The traditional college student, or even the adult college student, may begin his or her educational path without a distinct plan of what to do afterwards. The truth is that plenty of people have a strong sense of what they don't enjoy or what they find boring, but aren't sure what they are passionate enough about to pursue for a lifelong career. Fortunately, there are several options that allow some "wiggle room" after college graduation.
This covers a pretty wide range of possibilities. Check the wanted ads in your local newspaper and you'll notice that a lot of companies, large and small, are constantly looking for entry-level players such as receptionists, office managers and assistants. These positions are often a great way to get your foot into the door of an industry that you find appealing. For example, if you decided a career in publishing might be right for you, but your degree is in Literature, it might be wise to get a job at the front desk of a publishing firm and work your way up.
Are you an outgoing person with a natural talent for convincing others to eat out of your hand? A career in sales makes a challenging and interesting life path for many people. One of the key benefits of a job in sales is that each day is different, so if you are the type of person who thrives on constant change, then sales may be the right choice. And if you have exceptional time-management skills, creating your own schedule can be rewarding.
Did you major in a program such as Creative Writing or Studio Art only to have people constantly ask you what you are going to do with it? Well, be sure to inform those people that marketing and advertising is a fast-growing industry (especially online) with plenty of opportunity for creative individuals. If you can write copy or if you can create eye-catching art, you will probably find a place in this industry.
Retail also covers a wide range of topics, from cookbooks to hardware. If you dread the idea of cubical-land after graduation, retail can offer a fun and diverse career path with plenty of movement (forget being stuck behind a desk) and interpersonal communication. And retail isn't all big-box stores; plenty of small businesses offer good environments for gaining product knowledge, communication skills and management skills--all of which stand out on a resume.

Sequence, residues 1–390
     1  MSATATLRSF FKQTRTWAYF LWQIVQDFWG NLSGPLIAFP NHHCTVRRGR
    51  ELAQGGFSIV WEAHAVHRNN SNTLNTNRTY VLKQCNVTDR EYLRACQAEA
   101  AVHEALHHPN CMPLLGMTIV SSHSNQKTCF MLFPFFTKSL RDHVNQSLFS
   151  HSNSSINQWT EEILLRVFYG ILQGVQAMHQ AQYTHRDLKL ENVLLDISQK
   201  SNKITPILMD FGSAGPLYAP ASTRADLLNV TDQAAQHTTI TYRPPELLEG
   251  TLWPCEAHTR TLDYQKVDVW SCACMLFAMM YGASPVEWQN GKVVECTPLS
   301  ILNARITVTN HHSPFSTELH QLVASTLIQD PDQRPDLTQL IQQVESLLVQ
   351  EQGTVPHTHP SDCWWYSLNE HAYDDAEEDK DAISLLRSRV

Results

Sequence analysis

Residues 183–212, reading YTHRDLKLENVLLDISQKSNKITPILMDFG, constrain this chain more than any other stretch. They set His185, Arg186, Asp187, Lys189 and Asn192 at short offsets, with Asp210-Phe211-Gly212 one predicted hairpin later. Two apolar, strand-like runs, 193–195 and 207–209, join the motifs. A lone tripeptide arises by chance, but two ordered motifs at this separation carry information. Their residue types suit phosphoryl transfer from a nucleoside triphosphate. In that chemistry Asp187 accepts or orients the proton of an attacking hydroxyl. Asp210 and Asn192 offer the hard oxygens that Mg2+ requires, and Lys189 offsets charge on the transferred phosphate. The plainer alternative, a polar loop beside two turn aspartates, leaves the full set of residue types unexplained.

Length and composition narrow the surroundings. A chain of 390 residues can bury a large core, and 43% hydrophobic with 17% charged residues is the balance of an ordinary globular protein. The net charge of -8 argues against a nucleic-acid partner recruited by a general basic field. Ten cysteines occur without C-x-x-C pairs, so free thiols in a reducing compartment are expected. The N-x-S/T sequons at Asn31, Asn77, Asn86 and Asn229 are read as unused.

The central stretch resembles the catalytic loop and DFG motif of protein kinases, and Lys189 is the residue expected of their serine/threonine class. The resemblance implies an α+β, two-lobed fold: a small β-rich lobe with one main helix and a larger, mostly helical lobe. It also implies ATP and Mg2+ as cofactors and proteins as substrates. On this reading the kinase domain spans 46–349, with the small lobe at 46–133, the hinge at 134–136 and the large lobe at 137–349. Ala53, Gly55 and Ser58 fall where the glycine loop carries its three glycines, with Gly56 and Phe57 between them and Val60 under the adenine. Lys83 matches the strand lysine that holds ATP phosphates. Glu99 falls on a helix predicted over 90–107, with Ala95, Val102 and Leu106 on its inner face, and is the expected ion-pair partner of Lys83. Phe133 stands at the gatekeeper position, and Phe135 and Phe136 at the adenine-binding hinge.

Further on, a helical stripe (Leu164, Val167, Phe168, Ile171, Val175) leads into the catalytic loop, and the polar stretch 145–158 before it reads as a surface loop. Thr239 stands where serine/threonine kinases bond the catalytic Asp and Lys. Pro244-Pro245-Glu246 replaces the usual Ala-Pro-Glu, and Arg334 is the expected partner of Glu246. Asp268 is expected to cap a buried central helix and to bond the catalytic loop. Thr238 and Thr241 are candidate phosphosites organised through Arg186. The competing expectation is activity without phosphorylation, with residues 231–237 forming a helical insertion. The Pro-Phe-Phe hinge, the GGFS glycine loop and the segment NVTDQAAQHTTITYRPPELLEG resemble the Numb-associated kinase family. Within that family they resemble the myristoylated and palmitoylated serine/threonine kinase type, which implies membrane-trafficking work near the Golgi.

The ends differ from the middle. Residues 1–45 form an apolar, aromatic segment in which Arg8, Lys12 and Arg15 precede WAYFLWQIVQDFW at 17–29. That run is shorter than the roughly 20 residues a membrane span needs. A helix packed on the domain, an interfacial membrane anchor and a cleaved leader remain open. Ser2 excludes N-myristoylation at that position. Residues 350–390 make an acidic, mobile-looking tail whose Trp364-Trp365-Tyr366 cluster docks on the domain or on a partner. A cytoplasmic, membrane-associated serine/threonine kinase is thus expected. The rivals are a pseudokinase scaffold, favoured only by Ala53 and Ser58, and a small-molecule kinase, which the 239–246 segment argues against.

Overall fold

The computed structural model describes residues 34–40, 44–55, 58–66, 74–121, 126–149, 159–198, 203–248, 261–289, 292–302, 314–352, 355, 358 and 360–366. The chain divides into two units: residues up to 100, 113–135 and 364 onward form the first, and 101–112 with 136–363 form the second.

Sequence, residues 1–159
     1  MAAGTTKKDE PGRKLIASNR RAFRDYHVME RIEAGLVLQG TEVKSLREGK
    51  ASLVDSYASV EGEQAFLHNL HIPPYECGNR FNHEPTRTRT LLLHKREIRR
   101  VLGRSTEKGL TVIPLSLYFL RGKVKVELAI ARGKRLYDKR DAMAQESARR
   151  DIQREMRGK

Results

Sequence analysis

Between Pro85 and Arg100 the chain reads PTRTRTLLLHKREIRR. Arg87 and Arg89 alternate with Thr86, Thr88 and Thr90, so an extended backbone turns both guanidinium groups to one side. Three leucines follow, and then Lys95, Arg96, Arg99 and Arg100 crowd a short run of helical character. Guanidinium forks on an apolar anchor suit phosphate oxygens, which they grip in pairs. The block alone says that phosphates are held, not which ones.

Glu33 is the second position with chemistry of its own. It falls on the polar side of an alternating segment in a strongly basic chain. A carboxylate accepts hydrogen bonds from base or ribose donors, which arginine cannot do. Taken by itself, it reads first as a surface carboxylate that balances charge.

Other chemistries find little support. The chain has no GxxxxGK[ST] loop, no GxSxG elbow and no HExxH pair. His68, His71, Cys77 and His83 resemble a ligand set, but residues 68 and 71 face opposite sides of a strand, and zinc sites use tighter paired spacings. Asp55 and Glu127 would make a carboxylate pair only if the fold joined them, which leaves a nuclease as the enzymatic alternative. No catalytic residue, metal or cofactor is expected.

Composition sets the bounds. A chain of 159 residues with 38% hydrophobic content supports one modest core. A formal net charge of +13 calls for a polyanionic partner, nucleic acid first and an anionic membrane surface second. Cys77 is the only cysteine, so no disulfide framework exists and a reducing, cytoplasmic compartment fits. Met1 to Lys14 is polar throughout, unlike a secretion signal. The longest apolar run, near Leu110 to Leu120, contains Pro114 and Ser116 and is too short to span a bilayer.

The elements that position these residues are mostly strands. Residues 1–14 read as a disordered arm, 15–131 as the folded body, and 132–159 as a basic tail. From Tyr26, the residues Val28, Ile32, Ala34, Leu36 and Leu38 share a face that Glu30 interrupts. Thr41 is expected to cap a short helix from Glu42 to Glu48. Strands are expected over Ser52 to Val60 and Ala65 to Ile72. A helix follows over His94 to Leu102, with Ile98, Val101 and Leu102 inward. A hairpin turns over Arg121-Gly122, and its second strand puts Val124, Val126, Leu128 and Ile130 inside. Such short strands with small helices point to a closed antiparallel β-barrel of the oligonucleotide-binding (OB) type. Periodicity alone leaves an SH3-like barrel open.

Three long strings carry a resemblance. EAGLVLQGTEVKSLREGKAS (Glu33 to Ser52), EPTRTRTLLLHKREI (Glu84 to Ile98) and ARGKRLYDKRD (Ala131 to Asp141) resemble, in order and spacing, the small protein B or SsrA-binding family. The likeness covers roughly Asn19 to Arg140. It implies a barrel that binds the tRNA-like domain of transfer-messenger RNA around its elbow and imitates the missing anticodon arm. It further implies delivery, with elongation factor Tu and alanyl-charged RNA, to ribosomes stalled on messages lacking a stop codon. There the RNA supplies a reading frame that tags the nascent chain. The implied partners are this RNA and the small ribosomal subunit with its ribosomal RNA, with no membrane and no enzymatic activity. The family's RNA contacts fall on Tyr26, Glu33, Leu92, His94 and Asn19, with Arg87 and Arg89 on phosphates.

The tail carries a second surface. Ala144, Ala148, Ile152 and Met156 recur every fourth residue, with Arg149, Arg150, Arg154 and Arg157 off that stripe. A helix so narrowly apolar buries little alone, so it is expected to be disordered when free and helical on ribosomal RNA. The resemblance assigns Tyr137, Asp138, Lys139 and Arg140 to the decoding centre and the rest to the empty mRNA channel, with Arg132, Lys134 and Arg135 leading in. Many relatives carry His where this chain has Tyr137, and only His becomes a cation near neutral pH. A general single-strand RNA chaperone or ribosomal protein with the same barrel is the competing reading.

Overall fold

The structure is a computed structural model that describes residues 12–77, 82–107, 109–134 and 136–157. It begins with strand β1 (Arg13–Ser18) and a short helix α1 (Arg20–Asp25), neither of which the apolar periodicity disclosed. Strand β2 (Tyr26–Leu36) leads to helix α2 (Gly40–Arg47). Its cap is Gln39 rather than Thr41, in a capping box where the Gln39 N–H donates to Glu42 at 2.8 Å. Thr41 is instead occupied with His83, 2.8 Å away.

Another option for creative and technical personalities alike is the enormous world of media. Television, film, radio, web and print are all sectors of media that require more than one skill set, from building web sites to budgeting and editing. It's important to remember how much work goes into making a blockbuster film or running a television station; your talents just might find a niche.
Education is a mainstay in every city, and both private and public schools are constantly looking for college graduates who can teach, run after-school enrichment programs, work as office administrators and excel as team players.
Another wise choice for those who love to work with others is the hospitality industry, which can mean anything from catering a wedding to supervising a bed and breakfast. The opportunity to make people feel happy and relaxed is rewarding, and if your career takes you to a sunny place, well, that's even better.
After reading over this list you may have noticed something important: practically any career can be yours as long as you are persistent and open-minded. So instead of worrying that you won't have enough options upon finishing your degree, consider that choosing one might be the hardest part!
LIzzie Wann, the author of this post is the Content Director for Bridgepoint Education. She oversees all website content and works closely with New Media, Career Services, and Student Services for Ashford University.